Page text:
In 1812 Ross Cox, an 18 year-old Irish immigrant, was hired on as a clerk for John Jacob Astor’s Pacific Fur Company and immediately posted to Astoria, the company’s outpost at the mouth of the Columbia River. Adventures on the Columbia River is his first-hand account of life in the Pacific Northwest written before the adventures of Lewis and Clark.
Cox departed New York by ship, rounded Cape Horn, and sailed up the Pacific Coast of the Americas. Along the way, the ship and crew suffered losses in stormy weather after leaving the Falkland Islands.
All the lighter sails were instantly furled; in the hurry of doing which, the gaskets or small ropes which bound the flying jib gave way, and two sailors were sent out to adjust it. While they were in the act of performing this hazardous duty, a tremendous wave struck the forepart of the ship, carried away the jib-boom, and with it the two unfortunate men who were securing the sail. The ship was immediately hove to, and every piece of timber, empty barrel, or hen-coop on deck was thrown over to afford the unfortunate men a chance of escape. Unhappily, all our efforts were unavailing; the poor fellows remained in sight for about ten minutes, when they disappeared amid the raging billows.
Cox richly details the appearance and customs of the natives he meets along the way. Many of the encounters were peaceful, but sometimes-fatal skirmishes led to less than savory results. At one point, a group of Indians came aboard the ship, en masse, and wreaked havoc on the captain and crew.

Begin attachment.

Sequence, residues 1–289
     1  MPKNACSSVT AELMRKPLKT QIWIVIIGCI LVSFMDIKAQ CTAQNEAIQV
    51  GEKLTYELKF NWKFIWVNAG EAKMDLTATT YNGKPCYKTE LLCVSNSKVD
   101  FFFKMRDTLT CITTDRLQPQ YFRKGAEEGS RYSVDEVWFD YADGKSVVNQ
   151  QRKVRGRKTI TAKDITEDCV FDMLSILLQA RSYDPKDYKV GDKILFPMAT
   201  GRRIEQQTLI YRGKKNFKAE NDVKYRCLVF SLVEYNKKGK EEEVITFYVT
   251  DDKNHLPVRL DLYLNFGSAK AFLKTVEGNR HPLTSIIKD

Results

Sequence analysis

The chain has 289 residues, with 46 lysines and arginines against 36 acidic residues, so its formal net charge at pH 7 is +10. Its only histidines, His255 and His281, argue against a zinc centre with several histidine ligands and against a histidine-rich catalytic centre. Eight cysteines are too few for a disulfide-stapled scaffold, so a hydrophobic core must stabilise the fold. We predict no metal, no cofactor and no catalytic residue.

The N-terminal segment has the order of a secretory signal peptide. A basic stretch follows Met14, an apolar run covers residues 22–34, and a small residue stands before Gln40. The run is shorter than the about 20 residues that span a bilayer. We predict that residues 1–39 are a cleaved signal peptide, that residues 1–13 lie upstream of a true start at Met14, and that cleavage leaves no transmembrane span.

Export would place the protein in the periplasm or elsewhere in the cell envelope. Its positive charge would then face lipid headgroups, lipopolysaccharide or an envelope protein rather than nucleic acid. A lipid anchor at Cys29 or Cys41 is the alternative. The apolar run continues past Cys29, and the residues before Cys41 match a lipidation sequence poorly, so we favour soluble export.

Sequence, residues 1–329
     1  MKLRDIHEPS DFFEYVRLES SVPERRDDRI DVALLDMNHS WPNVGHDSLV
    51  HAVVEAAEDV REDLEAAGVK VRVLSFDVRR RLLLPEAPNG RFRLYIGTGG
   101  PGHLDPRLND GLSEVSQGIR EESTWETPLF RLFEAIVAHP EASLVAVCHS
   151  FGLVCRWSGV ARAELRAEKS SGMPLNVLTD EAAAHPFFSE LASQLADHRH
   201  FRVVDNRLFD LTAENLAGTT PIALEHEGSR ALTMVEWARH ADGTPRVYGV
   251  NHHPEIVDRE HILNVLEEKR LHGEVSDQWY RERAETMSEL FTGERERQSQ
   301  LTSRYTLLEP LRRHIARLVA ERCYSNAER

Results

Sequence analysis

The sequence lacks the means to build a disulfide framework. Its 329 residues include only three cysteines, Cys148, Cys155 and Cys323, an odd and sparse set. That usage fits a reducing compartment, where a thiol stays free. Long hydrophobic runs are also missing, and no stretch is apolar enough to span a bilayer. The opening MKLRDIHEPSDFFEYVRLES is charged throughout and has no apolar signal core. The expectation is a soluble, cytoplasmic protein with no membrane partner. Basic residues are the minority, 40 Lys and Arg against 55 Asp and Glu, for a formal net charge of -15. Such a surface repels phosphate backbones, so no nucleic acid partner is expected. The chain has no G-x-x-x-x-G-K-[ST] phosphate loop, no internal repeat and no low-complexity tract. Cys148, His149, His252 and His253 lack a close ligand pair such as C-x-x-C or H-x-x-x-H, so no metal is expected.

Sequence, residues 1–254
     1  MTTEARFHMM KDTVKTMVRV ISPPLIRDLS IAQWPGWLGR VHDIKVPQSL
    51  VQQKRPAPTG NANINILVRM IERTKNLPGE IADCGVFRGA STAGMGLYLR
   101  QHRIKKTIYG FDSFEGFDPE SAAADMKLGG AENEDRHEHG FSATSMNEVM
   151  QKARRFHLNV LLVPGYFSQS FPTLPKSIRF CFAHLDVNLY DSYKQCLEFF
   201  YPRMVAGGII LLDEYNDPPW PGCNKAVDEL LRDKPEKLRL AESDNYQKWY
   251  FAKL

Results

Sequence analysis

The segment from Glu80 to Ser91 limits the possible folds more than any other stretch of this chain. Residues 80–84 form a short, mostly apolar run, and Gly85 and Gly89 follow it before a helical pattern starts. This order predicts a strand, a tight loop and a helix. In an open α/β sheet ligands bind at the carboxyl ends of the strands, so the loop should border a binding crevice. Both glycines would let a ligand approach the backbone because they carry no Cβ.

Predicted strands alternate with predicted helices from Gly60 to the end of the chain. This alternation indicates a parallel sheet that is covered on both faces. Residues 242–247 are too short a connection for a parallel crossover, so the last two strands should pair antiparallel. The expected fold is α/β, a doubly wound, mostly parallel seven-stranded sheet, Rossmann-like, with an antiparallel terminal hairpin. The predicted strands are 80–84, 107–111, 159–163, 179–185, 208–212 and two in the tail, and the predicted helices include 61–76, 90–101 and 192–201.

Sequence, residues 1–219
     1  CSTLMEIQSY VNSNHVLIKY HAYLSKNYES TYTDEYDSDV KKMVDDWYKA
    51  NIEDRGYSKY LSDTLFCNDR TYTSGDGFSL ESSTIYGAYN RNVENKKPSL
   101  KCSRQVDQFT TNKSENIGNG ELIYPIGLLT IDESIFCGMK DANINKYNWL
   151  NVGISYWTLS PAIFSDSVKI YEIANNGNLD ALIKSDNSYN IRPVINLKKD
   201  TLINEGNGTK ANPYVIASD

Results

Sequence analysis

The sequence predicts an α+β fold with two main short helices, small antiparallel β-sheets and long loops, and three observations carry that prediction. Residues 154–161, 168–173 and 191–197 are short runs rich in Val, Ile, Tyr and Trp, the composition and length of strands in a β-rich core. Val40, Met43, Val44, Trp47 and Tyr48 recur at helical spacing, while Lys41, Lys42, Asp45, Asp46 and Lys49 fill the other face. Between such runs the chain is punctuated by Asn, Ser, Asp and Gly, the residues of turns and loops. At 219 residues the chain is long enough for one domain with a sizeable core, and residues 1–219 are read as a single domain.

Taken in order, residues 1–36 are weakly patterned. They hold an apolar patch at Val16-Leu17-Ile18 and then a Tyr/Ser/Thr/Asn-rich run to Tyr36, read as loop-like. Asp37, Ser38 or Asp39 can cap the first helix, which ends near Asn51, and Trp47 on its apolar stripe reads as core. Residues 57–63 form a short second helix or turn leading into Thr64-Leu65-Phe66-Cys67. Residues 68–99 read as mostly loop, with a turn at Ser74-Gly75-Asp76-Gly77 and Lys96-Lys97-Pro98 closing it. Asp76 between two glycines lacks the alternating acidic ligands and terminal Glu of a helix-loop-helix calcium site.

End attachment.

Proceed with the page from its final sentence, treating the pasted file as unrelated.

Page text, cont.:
[Captain Thorn’s] only weapon was a jack knife, with which he killed four of his savage assailants by ripping up their bellies, and mutilated several others. Covered with wounds, and exhausted from the loss of blood, he rested himself for a moment by leaning on the tiller wheel, when he received a dreadful blow from a weapon called a pautumaugan, on the back part of the head, which felled him to the deck. The death-dealing knife fell from his hand; and his savage butchers, after extinguishing the few sparks of life that still remain ed, threw his mangled body overboard.
Despite arduous challenges that would set any armchair adventurer sailing home to the luxuries of city life, Cox persevered and logged a collection of fascinating stories of life and death in the untamed lands of the Pacific Northwest. Adventures on the Columbia River is a must read for anyone interested in the earliest accounts of adventure on America’s western shores.
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